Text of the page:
23 Feb 2019

 

Lugala At Large: Who Will ‘Revitalise’ My Pocket This January?

"A man with ribs showing like a bamboo fence is stripped to his dirty underwear. His lower lip swollen like liver of an elephant is bleeding...The person who reduced him to a road spectacle is a woman in a pair of shorts bulging with uneven buttoc."

By Victor Lugala
 
I'm in a Bonga Bus, commuting from Soukh Custom to the heart of my earthly troubles.  My consolation is that I'm alive and kicking. I live from hand to mouth, and from mouth to hand. That is my nature. Malaria and typhoid, please wait for me at the other end of February. Spare me a fake heart attack.
 
I'm sweating like a beer bottle from a deep freezer. This is Juba heat in January. 2019.  Another ordinary year of business as usual. There is atmospheric heat which is obvious. Being an old Juba homeboy, I’m used to such extreme temperatures, even political ones. But the pocket heat is unbearable.
 
Who will 'revitalize' my pocket?
 
God. Jah. I'm starving but please, I pray with my hands raised to the sky, spare my ribs and thinking capacity so I can tackle my grumpy landlord. My landlord behaves like a river god.
 
My head is giddy as if I'm on a rollercoaster, circling over Victoria Falls. I want to catch a quick nap.
 
I close shut my eyes. I'm praying for a 2019 miracle. I want to pray like mad until something happens in this Bonga Bus. In my pocket.  In my country. In our world.  Public transport. Pickpockets. Freelance preachers. Starving souls like mine. SOS!
 
This Bonga Bus is a story and a half. It is filthy like January. The smell of stale sweat hangs everywhere. Unwashed bodies. Mouths smelling like fermented grain. Smoke fumes are choking my lungs. Bad economy is choking my pocket.
 
Who will 'revitalise' my pocket?
 
I slightly open my left eye like a sinner. Who do I see but the tall conductor standing over me like Mount Kilimanjaro. 
 
He snaps his fingers to demand the bus fare from me. I hesitate. Flabbergasted. Confused. Even confounded. Maria! Mother of Jesus. God. Should I part with the only filthy money I have on earth and God, Jah you will replenish? Devil, Belzebul, don't tempt me.  What of tomorrow?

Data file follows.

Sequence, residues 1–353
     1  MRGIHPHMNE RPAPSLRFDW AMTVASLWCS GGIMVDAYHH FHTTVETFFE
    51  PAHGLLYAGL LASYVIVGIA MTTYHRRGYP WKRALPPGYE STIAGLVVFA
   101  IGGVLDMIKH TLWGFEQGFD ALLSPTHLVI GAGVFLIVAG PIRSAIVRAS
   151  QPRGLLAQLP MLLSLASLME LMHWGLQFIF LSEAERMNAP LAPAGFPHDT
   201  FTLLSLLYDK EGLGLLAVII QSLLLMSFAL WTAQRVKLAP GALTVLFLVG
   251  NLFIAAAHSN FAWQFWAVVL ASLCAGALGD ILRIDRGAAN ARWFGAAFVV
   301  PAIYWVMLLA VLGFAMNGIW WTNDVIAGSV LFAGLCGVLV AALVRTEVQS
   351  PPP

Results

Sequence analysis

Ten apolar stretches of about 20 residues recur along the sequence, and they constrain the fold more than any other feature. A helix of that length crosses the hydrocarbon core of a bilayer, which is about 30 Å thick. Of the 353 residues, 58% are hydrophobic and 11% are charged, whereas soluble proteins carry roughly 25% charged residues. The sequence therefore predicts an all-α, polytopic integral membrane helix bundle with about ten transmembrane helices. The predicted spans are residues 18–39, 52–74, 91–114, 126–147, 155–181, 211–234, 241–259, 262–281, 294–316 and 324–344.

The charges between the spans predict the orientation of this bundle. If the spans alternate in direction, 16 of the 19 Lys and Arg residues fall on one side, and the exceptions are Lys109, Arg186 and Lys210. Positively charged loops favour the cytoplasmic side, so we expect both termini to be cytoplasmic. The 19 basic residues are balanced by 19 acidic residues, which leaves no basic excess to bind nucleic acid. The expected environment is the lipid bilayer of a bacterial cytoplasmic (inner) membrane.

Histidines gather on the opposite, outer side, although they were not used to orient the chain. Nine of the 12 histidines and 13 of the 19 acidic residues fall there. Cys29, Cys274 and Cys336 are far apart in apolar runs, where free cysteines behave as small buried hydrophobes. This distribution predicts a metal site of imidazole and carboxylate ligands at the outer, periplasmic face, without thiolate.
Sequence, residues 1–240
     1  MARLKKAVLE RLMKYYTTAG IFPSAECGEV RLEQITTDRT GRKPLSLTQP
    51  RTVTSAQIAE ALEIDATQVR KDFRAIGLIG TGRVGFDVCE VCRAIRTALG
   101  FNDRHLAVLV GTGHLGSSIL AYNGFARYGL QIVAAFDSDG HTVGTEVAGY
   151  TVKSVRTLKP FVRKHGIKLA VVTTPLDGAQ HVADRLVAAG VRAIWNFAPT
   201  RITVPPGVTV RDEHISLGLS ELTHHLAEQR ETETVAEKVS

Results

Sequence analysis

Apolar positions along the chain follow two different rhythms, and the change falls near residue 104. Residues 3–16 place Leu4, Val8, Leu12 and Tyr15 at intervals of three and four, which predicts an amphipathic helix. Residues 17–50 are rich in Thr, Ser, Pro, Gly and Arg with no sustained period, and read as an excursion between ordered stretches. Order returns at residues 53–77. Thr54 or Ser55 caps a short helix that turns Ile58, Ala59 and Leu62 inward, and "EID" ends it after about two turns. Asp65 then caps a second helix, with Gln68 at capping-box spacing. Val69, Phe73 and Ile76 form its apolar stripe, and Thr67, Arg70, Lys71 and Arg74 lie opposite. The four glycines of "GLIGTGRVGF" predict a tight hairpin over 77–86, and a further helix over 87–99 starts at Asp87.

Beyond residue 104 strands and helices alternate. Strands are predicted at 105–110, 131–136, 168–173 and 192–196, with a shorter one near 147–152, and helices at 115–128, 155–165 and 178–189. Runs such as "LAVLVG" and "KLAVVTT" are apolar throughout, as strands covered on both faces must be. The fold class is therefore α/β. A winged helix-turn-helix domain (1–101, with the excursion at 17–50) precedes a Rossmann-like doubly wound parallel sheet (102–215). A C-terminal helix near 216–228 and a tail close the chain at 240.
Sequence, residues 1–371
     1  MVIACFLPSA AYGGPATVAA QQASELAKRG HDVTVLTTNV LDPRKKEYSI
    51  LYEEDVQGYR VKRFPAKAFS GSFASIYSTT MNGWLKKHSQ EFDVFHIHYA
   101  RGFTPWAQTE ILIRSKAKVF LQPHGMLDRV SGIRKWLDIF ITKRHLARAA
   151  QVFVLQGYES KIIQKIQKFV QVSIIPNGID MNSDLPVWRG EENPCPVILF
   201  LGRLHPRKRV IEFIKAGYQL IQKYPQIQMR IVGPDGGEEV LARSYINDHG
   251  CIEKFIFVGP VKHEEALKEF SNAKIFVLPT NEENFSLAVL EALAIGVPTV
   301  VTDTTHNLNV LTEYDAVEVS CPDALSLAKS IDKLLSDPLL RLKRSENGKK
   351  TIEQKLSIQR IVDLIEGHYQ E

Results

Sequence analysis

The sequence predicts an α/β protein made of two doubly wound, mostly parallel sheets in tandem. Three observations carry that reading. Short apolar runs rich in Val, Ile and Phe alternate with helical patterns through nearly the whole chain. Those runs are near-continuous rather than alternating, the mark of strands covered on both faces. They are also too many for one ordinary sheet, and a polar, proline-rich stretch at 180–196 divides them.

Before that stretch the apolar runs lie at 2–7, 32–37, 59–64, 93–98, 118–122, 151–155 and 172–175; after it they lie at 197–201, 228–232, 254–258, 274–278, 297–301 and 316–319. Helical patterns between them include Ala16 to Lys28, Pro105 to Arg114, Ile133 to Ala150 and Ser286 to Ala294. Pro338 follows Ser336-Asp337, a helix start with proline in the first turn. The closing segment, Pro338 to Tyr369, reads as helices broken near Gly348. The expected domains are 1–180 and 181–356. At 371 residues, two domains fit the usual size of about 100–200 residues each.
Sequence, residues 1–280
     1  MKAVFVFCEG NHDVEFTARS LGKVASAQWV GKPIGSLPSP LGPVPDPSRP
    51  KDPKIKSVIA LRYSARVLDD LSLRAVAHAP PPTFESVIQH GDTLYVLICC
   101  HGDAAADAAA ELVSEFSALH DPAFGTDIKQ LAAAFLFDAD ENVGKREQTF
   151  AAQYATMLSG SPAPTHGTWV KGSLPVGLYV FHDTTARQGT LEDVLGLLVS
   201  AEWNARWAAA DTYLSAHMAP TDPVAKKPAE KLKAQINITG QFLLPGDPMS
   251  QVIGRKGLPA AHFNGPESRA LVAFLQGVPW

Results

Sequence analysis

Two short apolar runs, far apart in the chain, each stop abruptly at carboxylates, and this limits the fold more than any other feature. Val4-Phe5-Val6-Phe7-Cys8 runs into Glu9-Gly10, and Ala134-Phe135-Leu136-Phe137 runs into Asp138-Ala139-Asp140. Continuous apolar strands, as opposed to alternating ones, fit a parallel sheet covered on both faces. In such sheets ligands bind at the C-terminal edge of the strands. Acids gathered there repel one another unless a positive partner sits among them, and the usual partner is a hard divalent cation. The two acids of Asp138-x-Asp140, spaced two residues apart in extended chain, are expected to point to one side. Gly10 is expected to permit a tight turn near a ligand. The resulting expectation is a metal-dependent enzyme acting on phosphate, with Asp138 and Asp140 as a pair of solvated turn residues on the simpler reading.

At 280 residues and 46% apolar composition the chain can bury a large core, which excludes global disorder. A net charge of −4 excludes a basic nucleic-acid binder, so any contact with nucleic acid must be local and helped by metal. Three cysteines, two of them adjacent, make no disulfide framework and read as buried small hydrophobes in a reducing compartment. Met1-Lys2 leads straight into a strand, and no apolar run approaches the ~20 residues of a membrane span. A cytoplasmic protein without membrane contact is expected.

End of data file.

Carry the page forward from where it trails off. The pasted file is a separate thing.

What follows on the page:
Somebody coughs. Good interjection. Transition. Segue. 
 
"Conductor? Leave that man alone. Don't take any fare from him. I have paid for him, didn't I tell you?" A voice in the front row seats of the Bonga Bus says as a matter of fact. Maria! Are there still Good Samaritans in this country, in this world? Oh, there is one on this Bonga Bus. In Juba. There are Good Samaritans in January! Incredible! Hot month.
 
I mumble a thank-you, without seeing the Good Samaritan's face, head or shoulders. I'm weak but relieved.  I'm weak from January hunger. Is the Good Samaritan a  former primary school classmate, perhaps? An in-law? An outlaw? A pastor? Well, we live in times of the unknowns.  An unknown Good Samaritan. 
 
"Driver? Where is this bus going? Play music. Make my heart dance," a man who looks like a bar tenant demands. Some commuters laugh. Others jeer. I'm not indifferent.
 
Who says we are equal? Ask George Orwell. Even before God there are the righteous and sinners.  Pharisees and Gentiles. The Us versus them of George Bush. Rich and poor. Hard working and lazy bones. January especially has constituted us differently: the haves and have- nots. And there are those unknowns who reap where they did not invest a pound - those ones who wear masks on Sundays and go to church.
 
Surely, how can a son of a woman with blood in his bone marrow and solid substance in his head demand for music, entertainment in January when the whole Bonga Bus is filled with people whose intestines are complaining? Isn't that evidence of the onset of madness? Pure mockery!
 
As the bus begins to force the commuters to dance without any music like de gbondo sakit, I'm jolted from my daydream. Even with eyes closed I can tell it is that bumpy section without asphalt along Gudele road. Must we wait for round-headed Chinese road builders to come all the way from Guangzhou or Kunming to repair this road section of the Gudele road? Oil for road. Do our faculties of engineering teach stone crashers or fake civil engineers who cannot even fix a pot hole? 
 
De gbondo sakit.